Retail Advice from Lumen Mundi

November 28, 2018

 There's an old French saying that means "the more things change, the more they stay the same."  This may be the single most important principle for a small retailer to hold dear. We like to talk about how fast things change nowadays, and certain kinds of things (like computers and smartphones) do, but the fundamentals of human life are constant. A famous professor of business management put it this way: "Reality is made up of circles, but we see straight lines."  We feel like we're always moving into new territory, with all the uncertainty and tension that means, but where the basics are concerned, we really keep coming around to the same places.

Retailing is one of the oldest businesses of all, and the fundamentals today are the same as they were when Roman legions conquered the Holy Land. Let's remind ourselves what these are.

The Four P's of retailing are Product, Price, Place, and Promotion. A retailer must offer the things customers want and need, at prices that they're willing to pay and which provide an adequate profit margin. These products have to be made readily available for purchase by the customers and customers must be made aware that the products they want and need are available at this location at prices they're willing to pay. These principles held in the open-air markets of the Roman Aventine and are equally valid in 21st Century cyberspace. The differences are mere details.  Crucial details, yes, but not rocket science if the principles are sound.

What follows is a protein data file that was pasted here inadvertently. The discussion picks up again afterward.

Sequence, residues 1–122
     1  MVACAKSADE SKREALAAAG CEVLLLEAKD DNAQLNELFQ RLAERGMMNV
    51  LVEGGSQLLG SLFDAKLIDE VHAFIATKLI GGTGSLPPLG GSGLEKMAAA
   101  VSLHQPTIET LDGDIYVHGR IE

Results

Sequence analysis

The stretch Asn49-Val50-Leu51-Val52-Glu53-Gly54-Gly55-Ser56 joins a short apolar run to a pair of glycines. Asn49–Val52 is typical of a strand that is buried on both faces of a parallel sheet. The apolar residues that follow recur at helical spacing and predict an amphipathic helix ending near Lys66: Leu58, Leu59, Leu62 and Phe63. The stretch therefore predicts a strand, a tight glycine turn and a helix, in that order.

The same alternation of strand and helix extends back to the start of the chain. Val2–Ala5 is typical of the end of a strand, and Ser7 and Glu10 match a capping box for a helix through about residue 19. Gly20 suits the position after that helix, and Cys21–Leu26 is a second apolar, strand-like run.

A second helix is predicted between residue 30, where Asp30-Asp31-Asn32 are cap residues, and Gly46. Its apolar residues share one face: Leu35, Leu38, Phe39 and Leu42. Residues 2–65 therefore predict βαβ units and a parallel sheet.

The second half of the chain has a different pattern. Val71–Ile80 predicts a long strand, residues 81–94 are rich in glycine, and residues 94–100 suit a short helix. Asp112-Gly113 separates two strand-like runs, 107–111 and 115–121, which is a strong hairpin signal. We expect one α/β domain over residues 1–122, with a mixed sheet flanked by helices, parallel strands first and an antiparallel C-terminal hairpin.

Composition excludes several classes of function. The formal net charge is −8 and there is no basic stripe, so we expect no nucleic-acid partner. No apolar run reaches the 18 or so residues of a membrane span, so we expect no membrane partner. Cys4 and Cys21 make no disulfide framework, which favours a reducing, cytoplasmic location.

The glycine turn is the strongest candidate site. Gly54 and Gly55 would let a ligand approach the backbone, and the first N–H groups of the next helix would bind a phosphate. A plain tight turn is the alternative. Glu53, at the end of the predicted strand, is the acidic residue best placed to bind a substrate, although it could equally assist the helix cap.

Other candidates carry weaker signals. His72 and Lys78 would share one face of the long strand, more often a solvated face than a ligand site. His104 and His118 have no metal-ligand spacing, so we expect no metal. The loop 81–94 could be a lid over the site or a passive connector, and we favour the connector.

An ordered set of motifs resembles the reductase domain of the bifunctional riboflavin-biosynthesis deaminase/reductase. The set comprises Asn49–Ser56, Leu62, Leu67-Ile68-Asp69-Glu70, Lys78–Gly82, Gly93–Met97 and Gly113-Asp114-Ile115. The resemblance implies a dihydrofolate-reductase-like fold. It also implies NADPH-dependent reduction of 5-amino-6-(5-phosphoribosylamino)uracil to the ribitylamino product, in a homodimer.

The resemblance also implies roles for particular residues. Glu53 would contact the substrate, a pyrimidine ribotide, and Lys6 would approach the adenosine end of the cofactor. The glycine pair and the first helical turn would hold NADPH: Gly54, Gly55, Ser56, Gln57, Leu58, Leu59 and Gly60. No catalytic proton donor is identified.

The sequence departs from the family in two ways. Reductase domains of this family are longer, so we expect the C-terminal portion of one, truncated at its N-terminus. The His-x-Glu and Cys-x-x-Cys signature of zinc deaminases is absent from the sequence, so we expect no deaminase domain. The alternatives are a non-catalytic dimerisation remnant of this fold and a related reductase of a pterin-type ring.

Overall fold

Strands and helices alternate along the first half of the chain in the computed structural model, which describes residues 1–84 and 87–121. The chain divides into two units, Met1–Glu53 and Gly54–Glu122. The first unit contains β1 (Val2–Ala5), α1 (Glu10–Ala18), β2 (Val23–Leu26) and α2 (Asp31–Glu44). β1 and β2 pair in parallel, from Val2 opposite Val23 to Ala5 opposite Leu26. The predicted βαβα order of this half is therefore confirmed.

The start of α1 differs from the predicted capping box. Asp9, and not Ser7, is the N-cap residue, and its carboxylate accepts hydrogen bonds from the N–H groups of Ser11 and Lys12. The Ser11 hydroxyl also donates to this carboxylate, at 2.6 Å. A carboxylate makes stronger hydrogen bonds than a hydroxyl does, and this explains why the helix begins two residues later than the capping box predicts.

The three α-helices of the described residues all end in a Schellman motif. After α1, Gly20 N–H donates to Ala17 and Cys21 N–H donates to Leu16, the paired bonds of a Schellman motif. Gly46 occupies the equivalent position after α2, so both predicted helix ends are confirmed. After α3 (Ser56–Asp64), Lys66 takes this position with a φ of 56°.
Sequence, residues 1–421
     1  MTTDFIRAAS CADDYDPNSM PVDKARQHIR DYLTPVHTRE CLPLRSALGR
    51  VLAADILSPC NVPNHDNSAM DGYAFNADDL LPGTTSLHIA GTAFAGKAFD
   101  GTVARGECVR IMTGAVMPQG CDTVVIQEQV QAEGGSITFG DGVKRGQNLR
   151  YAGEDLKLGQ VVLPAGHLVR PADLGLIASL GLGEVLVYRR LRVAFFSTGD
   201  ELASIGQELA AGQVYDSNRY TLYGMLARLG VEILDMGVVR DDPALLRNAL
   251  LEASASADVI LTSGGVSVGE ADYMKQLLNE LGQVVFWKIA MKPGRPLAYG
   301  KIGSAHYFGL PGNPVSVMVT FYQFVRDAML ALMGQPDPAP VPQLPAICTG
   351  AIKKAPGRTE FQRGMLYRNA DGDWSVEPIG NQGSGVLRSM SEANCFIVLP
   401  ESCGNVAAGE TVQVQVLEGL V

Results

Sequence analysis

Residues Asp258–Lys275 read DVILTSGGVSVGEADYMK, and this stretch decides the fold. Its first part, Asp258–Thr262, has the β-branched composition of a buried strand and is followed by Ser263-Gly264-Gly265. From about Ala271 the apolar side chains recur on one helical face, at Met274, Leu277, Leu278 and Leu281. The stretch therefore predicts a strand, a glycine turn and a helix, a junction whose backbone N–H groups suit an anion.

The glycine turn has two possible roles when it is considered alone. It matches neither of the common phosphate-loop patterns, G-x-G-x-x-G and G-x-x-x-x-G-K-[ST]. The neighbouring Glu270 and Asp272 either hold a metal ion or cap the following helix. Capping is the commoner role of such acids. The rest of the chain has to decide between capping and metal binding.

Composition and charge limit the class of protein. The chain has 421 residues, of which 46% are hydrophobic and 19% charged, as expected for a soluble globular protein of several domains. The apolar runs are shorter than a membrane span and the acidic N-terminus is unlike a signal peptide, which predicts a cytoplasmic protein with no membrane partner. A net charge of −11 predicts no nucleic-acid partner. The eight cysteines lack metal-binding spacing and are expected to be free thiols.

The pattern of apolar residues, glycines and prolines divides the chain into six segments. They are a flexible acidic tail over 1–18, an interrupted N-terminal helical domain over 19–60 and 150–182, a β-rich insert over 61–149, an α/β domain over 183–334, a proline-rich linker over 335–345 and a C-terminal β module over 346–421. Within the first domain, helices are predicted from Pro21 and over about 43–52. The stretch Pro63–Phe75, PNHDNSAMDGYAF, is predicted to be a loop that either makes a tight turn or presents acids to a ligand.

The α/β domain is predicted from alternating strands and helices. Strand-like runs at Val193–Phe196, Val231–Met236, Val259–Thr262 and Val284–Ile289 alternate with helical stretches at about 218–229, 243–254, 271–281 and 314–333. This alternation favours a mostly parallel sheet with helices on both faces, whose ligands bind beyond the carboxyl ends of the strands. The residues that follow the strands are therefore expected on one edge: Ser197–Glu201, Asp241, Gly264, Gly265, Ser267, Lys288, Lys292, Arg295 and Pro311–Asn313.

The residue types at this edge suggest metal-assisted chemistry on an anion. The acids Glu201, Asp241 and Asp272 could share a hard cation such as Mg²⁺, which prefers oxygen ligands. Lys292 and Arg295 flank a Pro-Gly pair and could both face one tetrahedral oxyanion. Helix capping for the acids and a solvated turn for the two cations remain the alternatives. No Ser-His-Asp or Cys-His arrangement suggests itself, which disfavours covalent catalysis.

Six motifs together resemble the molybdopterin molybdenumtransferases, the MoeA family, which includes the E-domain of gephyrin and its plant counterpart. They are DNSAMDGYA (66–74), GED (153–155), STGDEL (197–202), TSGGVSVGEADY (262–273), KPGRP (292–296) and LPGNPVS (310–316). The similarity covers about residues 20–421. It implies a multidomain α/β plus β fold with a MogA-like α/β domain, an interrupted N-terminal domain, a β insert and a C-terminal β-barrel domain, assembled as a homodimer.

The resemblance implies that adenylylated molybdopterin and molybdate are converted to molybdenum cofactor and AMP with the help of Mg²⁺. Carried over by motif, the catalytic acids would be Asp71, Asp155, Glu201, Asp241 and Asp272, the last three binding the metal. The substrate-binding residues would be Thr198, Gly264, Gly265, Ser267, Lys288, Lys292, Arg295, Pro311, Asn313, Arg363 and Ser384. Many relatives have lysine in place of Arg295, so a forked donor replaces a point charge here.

The other Iron Law of retailing comes right out of the Four P's: the Customer is the most important person in a retail business. Without the Customer, there is nothing. All value comes from the Customer. The Customer, as they say, is King. A retailer's job revolves around knowing and understanding the Customer, servicing the Customer, and always providing more than the Customer expects. There is no way to overstate the importance of customer service. It's true that in our personal lives getting along with others and understanding them often seems nearly impossible, but retailing is not personal life, it's business, a simpler context with more straightforward rules.  A lot is known about succeeding in customer relations. Knowledge that's available, usable, and valuable. Every retailer should master it.

These principles are the rocks upon which retailers walk. Everything else rests upon them.  As the world seems to toss and churn on tsunamis of newfangled, exotic eruptions like Search Engine Optimization, Attribution Models, Redirection, Bounce Rates, and all the rest of it, we need to feel those immovable stones beneath our feet. Stay calm, do the basics, and the shifting winds will blow in your favor.

Article published by Lumen Mundi - We Sell:


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